chemical compounds in tobacco smoke. At least 70 of them are known specifically to cause cancer. All cigarettes are harmful, and any exposure to tobacco smoke can cause both immediate and long-term damage to the body. There is no safe level of exposure to tobacco smoke, and there is no safe cigarette. To reduce cancer risk, quitting smoking entirely is an important strategy that has been proven to work. Since 1964, more than 20 million Americans have died because of smoking. Of the 20 million who died, 2.5 million were nonsmokers who died because of secondhand smoke. CIGARETTE SMOKE

CONTAINS MORE THAN 7,000 CHEMICALS AND CHEMICAL COMPOUNDS 1972 Surgeon General’s Report discusses secondhand smoke as a health risk. 1973 Arizona becomes the rst state to restrict smoking in some public places. 1975 Army and Navy stop providing cigarette rations to their troops.
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About three out of four teen smokers become adult smokers, even if they plan to quit in a few years. The Power of Nicotine Addiction Many smokers say they choose to continue smoking despite knowing the health risks. The reality is that smoking is not usually a choice. For most smokers, tobacco

use is an addiction, and nicotine is the primary drug in tobacco that causes addiction. It only takes 10 seconds for the nicotine from one puff of smoke to reach the brain. This rapid delivery of nicotine from the lungs to the brain is one of the reasons that cigarettes are so addictive. And once it gets there, nicotine causes cells in the brain to release dopamine. One of the effects of dopamine released in the brain is to create a heightened sense of alertness and contentment. Over time, the brain cells of smokers are changed to expect the regular bursts of extra dopamine that result from

smoking. When a smoker tries to quit, these brain changes cause strong cravings for more nicotine. Some of today’s cigarettes are more addictive than those from earlier decades. In part, this is a result of chemicals added to today’s cigarettes that cause the nicotine to reach the brain more quickly. In addition, menthol reduces the harshness of the smoke and makes it easier to smoke—particularly for children and teens. Research suggests that children and adolescents may be sensitive to nicotine and can become addicted more easily than adults. The younger smokers are when they start, the more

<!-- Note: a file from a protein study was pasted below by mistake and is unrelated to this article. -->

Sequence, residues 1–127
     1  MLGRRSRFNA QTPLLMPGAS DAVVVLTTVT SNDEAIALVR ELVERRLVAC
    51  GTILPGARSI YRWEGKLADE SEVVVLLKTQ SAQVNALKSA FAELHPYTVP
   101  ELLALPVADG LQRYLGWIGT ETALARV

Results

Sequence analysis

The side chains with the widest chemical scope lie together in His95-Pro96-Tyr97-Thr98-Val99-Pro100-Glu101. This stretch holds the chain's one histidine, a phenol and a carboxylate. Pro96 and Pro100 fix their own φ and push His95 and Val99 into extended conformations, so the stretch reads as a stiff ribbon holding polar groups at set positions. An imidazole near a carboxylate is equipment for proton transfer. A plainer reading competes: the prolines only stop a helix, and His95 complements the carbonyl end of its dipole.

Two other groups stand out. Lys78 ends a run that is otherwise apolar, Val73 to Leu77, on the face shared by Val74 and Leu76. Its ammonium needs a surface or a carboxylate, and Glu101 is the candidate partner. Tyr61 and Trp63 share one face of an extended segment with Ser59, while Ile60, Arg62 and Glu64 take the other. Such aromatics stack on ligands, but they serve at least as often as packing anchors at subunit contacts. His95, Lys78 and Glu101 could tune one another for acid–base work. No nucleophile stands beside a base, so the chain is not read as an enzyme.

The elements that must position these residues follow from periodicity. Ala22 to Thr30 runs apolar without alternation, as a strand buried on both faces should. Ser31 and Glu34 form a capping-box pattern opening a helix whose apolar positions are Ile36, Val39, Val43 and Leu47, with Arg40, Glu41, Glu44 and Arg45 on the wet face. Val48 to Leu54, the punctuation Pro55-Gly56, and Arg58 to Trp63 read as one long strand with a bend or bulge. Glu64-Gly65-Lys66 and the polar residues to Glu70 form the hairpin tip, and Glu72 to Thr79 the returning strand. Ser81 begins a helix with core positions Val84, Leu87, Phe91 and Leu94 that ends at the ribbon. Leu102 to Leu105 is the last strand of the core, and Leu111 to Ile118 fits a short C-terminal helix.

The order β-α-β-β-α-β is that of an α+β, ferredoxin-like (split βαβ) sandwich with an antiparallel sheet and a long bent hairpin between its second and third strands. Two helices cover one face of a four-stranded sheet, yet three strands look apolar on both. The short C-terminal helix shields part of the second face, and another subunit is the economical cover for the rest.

likely they are to become addicted, and the more likely that they will become heavily addicted. Many young people underestimate the power 1980 Thirty-three percent of American adults smoke. 33 1981 Surgeon General’s Report examines changes in how cigarettes are made and what they contain. 1984 Surgeon General’s warning on cigarette packs replaced with four health warnings that appear on a rotating basis.
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50 Years of Progress A Report of the Surgeon General of nicotine addiction. About three out of four high school smokers will become adult smokers—even if they intend to quit

in a few years. In addition to causing addiction, nicotine that is rapidly delivered by cigarettes can affect the body in other ways. For example, a rapid increase in nicotine blood levels can raise the heart rate and blood pressure and narrow arteries around the heart. Nicotine may also result in premature births and low birth weight babies in women who smoke during pregnancy. At very high doses, nicotine is toxic, and nicotine poisoning can be very dangerous or even cause death. But the most common and most serious effect of nicotine is addiction. Nicotine addiction keeps people smoking

longer, and the longer they smoke, the more damage they do to their bodies. NEARLY IN ADULTS AND TEENAGERS SMOKE You Can Beat Nicotine Addiction Quit rates for smokers are on the rise and today, there are many ways to beat nicotine addiction. More than half of all smokers have already quit. People who talk to their doctors about quitting or call quitlines for advice are more successful than those who go it alone. FDA-approved medications and nicotine patches, gum, or lozenges, along with coaching support, can double or triple your chances of success. If you are a smoker and you want to quit,